26 December 2009
Christmas – a time to jail dissidents
The Guardian reports that Liu Xiaobo, one of China’s most prominent human rights activists was sentenced to 11 years in prison. Liu is the founder of the Charter 08 campaign for constitutional reform and was given what is a draconian sentence yesterday on Christmas Day, clearly in an attempt to minimise international attention.
Following a year in detention and a two-hour trial, it took the No 1 intermediate people's court in Beijing just 10 minutes to read out the 11-page sentence. Liu was found guilty on Wednesday of subversion, the vaguely defined charge that Communist party leaders often use to imprison political opponents. litigation rights".
"We cannot accept this sentence because we have argued in court that Liu is innocent," said one of his lawyers, Mo Shaoping. His wife could not be reached as her mobile phone was strangely out of order. Amnesty International expressed outrage at the sentence, which it said was the harshest in 35 subversion cases since 2003.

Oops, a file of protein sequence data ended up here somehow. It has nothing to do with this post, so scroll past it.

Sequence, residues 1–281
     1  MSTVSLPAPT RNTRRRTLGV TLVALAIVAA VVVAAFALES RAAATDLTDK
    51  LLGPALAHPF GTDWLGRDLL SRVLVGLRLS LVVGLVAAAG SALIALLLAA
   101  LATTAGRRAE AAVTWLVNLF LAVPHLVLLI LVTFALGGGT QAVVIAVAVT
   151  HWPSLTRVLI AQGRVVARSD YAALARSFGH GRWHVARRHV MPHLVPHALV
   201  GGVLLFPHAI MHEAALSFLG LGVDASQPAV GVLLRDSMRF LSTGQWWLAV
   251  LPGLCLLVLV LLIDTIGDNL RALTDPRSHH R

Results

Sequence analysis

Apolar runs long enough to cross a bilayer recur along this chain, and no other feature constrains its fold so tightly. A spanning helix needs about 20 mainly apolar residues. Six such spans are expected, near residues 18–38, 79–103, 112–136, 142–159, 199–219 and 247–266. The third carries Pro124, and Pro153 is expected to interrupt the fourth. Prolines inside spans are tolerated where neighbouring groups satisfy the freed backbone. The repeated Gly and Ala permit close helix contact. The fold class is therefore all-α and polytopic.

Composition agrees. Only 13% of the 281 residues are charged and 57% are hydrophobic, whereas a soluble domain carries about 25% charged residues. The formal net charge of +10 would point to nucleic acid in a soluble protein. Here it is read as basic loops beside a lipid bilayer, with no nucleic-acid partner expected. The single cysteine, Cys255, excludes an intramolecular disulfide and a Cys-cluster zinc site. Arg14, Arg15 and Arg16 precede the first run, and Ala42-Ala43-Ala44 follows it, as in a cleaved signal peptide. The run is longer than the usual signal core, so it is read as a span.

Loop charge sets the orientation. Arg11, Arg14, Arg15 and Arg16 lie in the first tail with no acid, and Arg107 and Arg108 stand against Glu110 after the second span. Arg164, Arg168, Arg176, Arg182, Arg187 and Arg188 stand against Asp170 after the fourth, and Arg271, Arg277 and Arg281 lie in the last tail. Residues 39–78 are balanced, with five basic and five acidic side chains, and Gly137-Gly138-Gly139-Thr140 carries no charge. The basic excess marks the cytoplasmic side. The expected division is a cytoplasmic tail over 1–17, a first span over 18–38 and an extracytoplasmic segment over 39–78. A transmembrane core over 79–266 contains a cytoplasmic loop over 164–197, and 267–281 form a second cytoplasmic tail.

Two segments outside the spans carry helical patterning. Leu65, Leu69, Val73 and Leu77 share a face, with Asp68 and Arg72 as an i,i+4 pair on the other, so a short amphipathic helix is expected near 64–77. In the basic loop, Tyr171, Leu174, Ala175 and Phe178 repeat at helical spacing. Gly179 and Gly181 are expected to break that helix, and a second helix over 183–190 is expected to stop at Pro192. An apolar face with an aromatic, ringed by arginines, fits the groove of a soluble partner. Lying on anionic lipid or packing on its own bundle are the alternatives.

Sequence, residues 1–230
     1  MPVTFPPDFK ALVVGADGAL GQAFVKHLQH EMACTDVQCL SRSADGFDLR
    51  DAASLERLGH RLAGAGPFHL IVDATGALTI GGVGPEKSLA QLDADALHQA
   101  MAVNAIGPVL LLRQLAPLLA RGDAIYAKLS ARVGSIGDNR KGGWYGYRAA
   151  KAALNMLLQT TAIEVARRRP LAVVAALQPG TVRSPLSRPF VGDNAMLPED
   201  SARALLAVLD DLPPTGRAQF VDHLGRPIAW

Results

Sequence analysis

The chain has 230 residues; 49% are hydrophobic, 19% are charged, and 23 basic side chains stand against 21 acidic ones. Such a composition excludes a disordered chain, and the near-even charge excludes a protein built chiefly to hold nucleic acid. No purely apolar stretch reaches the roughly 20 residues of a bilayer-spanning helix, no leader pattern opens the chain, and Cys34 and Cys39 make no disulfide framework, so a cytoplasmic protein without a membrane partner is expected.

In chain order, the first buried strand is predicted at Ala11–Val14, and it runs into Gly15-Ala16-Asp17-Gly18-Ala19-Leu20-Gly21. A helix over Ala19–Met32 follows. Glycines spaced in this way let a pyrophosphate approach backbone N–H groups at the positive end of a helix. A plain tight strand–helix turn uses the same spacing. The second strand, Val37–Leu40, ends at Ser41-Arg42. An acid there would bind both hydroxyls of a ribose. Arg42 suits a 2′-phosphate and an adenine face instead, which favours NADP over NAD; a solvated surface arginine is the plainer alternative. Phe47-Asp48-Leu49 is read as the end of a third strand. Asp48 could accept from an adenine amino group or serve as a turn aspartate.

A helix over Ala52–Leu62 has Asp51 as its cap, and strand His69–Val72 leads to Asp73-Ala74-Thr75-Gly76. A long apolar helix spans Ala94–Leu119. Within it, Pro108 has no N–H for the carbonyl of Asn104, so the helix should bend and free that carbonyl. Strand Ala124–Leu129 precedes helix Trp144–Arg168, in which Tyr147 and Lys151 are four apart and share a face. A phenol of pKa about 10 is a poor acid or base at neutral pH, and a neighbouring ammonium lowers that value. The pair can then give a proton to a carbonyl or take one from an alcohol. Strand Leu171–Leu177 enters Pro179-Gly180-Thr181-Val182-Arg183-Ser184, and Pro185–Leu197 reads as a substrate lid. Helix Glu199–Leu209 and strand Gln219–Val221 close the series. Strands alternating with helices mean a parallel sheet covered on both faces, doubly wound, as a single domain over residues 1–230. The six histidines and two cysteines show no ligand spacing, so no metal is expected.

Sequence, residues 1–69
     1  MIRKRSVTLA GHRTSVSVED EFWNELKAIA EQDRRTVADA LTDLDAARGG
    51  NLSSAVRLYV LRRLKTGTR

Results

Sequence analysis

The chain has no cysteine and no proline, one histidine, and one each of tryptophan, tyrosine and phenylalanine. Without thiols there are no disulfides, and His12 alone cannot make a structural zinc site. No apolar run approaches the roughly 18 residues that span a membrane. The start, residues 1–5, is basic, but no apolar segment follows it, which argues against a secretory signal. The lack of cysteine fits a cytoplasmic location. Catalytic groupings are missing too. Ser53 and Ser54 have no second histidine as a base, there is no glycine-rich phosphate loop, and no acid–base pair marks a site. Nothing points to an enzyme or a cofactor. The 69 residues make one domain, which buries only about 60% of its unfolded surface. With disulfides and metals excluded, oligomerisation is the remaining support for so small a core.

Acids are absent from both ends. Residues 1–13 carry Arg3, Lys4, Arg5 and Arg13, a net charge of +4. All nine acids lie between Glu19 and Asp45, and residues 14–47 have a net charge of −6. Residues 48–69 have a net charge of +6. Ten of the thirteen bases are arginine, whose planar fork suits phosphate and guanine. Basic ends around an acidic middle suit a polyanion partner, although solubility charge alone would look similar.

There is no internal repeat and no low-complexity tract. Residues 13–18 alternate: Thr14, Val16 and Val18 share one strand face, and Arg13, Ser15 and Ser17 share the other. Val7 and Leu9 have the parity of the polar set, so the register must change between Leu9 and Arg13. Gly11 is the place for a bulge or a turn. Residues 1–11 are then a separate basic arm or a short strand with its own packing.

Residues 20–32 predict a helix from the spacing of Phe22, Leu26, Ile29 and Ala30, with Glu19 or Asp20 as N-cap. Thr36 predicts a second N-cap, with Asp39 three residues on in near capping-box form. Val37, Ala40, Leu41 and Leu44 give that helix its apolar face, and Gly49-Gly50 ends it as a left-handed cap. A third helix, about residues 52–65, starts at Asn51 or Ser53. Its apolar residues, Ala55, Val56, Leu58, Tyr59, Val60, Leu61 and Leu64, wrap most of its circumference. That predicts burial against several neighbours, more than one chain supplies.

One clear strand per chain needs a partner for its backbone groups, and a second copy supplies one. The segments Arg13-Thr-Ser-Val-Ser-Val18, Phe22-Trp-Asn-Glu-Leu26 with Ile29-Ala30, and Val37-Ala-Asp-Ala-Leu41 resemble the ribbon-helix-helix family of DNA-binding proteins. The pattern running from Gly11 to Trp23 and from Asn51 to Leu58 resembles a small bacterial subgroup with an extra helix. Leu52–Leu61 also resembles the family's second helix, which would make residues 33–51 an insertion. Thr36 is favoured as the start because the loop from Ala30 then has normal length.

Outside the courtroom and in the Chinese blogosphere, Liu's supporters have initiated a yellow ribbon campaign for his release. "China's Mandela was born this
Christmas," wrote the influential blogger Beichen.
Liu, a former Beijing Normal University professor, is a leading intellectual critic
of the repressive Chinese government. Liu was previously imprisoned for 20 months for taking part in the 1989 student-led protests in Tiananmen Square.
He told friends that he knew the risk of imprisonment when he drafted Charter 08, which demands the open election of public officials, freedom of religion and expression, and the abolition of subversion laws. Liu was arrested last December before the Charter was made public. Other drafters and signatories have been harassed. The mainstream media have been forbidden to cover the subject and censors have blocked many related internet sites and articles. Many Chinese are unaware that it exists.
Liu’s imprisonment is an utter disgrace The Chinese Government looks to have created an icon and focus for protest, perhaps even of the status of Aung San Suu Kyi or, as the Chinese blogger says, Nelson Mandela